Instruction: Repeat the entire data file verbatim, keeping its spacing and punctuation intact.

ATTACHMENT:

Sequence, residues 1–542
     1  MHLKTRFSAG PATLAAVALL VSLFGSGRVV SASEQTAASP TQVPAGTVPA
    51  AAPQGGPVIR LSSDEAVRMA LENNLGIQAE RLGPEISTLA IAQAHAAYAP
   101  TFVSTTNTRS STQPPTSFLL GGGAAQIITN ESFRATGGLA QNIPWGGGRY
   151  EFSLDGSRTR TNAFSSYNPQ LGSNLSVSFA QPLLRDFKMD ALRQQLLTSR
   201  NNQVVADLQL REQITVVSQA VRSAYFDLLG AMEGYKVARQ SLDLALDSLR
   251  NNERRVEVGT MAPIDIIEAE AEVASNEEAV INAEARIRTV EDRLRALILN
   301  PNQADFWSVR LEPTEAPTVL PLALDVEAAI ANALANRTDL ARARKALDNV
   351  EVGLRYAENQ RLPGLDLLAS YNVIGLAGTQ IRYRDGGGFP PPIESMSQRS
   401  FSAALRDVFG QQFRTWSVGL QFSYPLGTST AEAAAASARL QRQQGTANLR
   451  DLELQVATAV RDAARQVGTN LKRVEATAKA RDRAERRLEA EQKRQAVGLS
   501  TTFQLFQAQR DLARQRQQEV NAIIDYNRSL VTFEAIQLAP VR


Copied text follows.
Sequence, residues 1–542
     1  MHLKTRFSAG PATLAAVALL VSLFGSGRVV SASEQTAASP TQVPAGTVPA
    51  AAPQGGPVIR LSSDEAVRMA LENNLGIQAE RLGPEISTLA IAQAHAAYAP
   101  TFVSTTNTRS STQPPTSFLL GGGAAQIITN ESFRATGGLA QNIPWGGGRY
   151  EFSLDGSRTR TNAFSSYNPQ LGSNLSVSFA QPLLRDFKMD ALRQQLLTSR
   201  NNQVVADLQL REQITVVSQA VRSAYFDLLG AMEGYKVARQ SLDLALDSLR
   251  NNERRVEVGT MAPIDIIEAE AEVASNEEAV INAEARIRTV EDRLRALILN
   301  PNQADFWSVR LEPTEAPTVL PLALDVEAAI ANALANRTDL ARARKALDNV
   351  EVGLRYAENQ RLPGLDLLAS YNVIGLAGTQ IRYRDGGGFP PPIESMSQRS
   401  FSAALRDVFG QQFRTWSVGL QFSYPLGTST AEAAAASARL QRQQGTANLR
   451  DLELQVATAV RDAARQVGTN LKRVEATAKA RDRAERRLEA EQKRQAVGLS
   501  TTFQLFQAQR DLARQRQQEV NAIIDYNRSL VTFEAIQLAP VR